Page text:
Political support harnessed with innovative regional networks could potentially improve the lives of smallholder farmers in Fiji and the Pacific. To make this a reality, the Fiji Agricultural Advisory Services (FAAS) network has been established as a pilot in Fiji with potential for expanding in the region.
At an IFAD Supervision Meeting in Nadi earlier this month, Mr David Kolitagane, Permanent Secretary in the Ministry of Agriculture, Fiji, said that "the establishment of FAAS has demonstrated that there is potential for collaboration which will need support from political leaders. This will ensure the roles and related work is taken seriously and embedded in national work programmes assisting greatly with the alignment of work plans within government ministries.’
The creation of the FAAS network earlier this year is an outcome of the International Fund for Agricultural Development (IFAD) project ‘Supporting smallholder farmers in Asia and the Pacific islands region through strengthened agricultural advisory services,’ in partnership with the Ministry of Agriculture in Fiji (MOA) and the Pacific Community (SPC).
In framing the newly established network’s relevance, Mr Kolitagane said, "the role of rural agricultural advisory services concerning the mobility of rural populations is critical and aspects of climate change, demographic trends, rural-urban connectivity and the mobilisation of rural people need to be taken into account."
The FAAS network comprises of focal points from the ministries of agriculture, education, indigenous iTaukei affairs, and the Fiji Crop and Livestock Council’s commodity leads for taro, yaqona, ginger, livestock that are key products for majority smallholders in Fiji. It also includes the Fiji National University’s (FNU) College of Agriculture, Fisheries and Forestry (CAFF) focusing on developing and training future agriculturalists and the Fiji Development Bank (FDB) a financial institution with a portfolio of up to eighteen products for farmers. FDB is Green Climate Fund (GCF) accredited and its development of financial products to ensure climate-smart agriculture stands to have a large impact on smallholders.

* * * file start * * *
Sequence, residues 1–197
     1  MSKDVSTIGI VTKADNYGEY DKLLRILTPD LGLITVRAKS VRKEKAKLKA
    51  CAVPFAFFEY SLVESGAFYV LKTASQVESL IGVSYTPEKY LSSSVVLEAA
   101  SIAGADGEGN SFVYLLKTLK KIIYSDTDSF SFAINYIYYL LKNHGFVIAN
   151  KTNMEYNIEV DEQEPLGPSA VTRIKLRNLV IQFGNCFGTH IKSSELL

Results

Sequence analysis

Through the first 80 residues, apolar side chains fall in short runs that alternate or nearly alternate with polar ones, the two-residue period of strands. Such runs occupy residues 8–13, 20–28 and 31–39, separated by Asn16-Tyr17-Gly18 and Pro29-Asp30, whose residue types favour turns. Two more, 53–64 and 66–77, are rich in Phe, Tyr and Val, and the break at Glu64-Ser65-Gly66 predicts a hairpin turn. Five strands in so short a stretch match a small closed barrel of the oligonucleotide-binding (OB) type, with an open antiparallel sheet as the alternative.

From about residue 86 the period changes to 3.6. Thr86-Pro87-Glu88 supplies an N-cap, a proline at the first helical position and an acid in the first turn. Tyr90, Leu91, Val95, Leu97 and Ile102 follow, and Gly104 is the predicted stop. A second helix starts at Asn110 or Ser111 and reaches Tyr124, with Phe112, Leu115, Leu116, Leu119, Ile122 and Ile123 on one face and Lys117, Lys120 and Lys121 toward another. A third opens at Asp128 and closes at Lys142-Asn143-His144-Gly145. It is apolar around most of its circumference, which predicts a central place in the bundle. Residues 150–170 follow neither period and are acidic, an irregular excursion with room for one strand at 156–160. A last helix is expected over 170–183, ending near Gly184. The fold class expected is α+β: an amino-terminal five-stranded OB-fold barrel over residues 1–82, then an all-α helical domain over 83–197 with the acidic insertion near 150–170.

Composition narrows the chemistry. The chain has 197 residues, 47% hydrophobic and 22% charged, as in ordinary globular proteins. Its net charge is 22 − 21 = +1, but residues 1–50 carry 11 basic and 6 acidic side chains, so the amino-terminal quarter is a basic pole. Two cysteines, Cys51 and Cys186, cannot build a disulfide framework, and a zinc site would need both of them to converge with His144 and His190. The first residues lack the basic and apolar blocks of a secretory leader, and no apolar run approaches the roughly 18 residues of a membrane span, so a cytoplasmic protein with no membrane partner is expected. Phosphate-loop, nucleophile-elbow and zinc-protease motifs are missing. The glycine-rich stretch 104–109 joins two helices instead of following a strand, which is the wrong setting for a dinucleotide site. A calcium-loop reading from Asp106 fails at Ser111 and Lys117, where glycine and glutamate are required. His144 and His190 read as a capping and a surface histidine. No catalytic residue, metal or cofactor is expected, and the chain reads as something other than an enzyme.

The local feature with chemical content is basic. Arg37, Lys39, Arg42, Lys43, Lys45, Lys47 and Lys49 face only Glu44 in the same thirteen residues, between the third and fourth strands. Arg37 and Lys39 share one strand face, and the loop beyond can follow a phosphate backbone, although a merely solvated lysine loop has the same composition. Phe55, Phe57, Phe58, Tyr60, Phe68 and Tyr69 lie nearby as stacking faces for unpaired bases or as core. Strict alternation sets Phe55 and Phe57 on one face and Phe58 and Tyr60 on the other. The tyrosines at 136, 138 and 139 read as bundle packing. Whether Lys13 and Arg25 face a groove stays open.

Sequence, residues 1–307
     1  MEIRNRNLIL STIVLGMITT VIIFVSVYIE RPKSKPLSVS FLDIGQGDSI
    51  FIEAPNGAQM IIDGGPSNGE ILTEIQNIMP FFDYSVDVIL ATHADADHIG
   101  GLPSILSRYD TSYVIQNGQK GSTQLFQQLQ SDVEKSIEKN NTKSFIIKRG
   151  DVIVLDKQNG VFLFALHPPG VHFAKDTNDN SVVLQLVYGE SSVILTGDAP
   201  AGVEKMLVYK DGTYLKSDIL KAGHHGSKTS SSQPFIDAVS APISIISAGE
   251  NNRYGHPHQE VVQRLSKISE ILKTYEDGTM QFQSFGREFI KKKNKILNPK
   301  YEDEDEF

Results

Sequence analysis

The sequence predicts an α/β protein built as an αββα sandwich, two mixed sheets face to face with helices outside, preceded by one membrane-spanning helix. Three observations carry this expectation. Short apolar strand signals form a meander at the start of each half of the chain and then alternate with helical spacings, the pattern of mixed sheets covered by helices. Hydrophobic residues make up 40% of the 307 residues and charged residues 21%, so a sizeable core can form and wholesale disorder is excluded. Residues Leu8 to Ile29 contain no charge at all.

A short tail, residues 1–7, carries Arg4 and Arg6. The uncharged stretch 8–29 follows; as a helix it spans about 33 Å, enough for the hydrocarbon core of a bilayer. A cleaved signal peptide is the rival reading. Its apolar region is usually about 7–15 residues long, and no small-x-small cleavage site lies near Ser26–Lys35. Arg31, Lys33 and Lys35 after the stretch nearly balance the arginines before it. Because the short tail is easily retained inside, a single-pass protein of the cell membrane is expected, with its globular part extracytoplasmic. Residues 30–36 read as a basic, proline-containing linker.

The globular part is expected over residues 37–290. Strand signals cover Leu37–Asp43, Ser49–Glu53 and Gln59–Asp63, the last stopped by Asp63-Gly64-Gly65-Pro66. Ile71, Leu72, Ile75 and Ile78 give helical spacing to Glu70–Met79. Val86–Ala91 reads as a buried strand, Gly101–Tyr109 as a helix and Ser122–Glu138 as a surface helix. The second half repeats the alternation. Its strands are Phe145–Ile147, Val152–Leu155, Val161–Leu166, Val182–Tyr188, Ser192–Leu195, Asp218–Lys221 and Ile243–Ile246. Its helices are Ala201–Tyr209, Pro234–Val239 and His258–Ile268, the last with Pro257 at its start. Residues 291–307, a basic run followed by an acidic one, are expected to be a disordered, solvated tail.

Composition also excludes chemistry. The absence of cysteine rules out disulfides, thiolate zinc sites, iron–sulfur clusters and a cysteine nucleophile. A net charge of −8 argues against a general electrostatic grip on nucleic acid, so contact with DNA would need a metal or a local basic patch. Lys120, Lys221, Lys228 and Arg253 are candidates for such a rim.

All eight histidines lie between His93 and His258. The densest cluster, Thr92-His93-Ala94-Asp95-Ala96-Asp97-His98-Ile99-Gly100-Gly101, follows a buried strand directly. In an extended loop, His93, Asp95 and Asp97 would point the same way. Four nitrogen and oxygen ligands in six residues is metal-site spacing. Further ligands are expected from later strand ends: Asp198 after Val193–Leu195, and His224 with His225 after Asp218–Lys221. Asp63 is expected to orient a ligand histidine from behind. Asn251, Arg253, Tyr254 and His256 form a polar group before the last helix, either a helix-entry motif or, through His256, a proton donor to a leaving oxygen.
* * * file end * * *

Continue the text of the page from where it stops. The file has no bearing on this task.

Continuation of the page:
This integrated approach directly corresponds to SPC’s country programming at national level and the FAAS network will inform and offer joint approaches to strengthening the agricultural sector in Fiji and if scaled, other Pacific island countries.
The current membership and earlier partners who were engaged in consultations and will be revisited including the ministries of lands, youth, social welfare, poverty alleviation and women among others make this a formidable emerging network that will take integrated planning, learning and joint service delivery to a more strategic level. The FAAS network champions governance, capacity building, and information and knowledge sharing as core elements to research, learn and develop solutions to strengthen rural agricultural advisory services and its processes and learnings will be shared across the region.
Mr Kolitagane emphasised that "these are not trivial matters, but are issues upon which the lives of many depend, especially those who are in most need of support."
According to Ms Karen Mapusua, Manager Operations, Performance and Systems at SPC’s Land Resources Division, "Extension and advisory services are critical for facilitating access to technology and knowledge for both farmers and small scale enterprises. Advisory services increasingly play a brokering role to support inclusive multi-stakeholder innovation processes - linking stakeholders such as producer organizations, research services, higher education and agribusiness with producers. The FAAS network is positioned to play this role in Fiji to the benefit of rural people."
The IFAD Supervision Mission included the participation of the Global Forum for Rural Advisory Services (GFRAS), the Asia-Pacific Rural Advisory Services (APIRAS), the Pacific Islands Rural Advisory Services (PIRAS), the South-East Asian Regional Centre for Graduate Study and Research in Agriculture (SEARCA) and the Centre for Research and Science Policy (CRISP).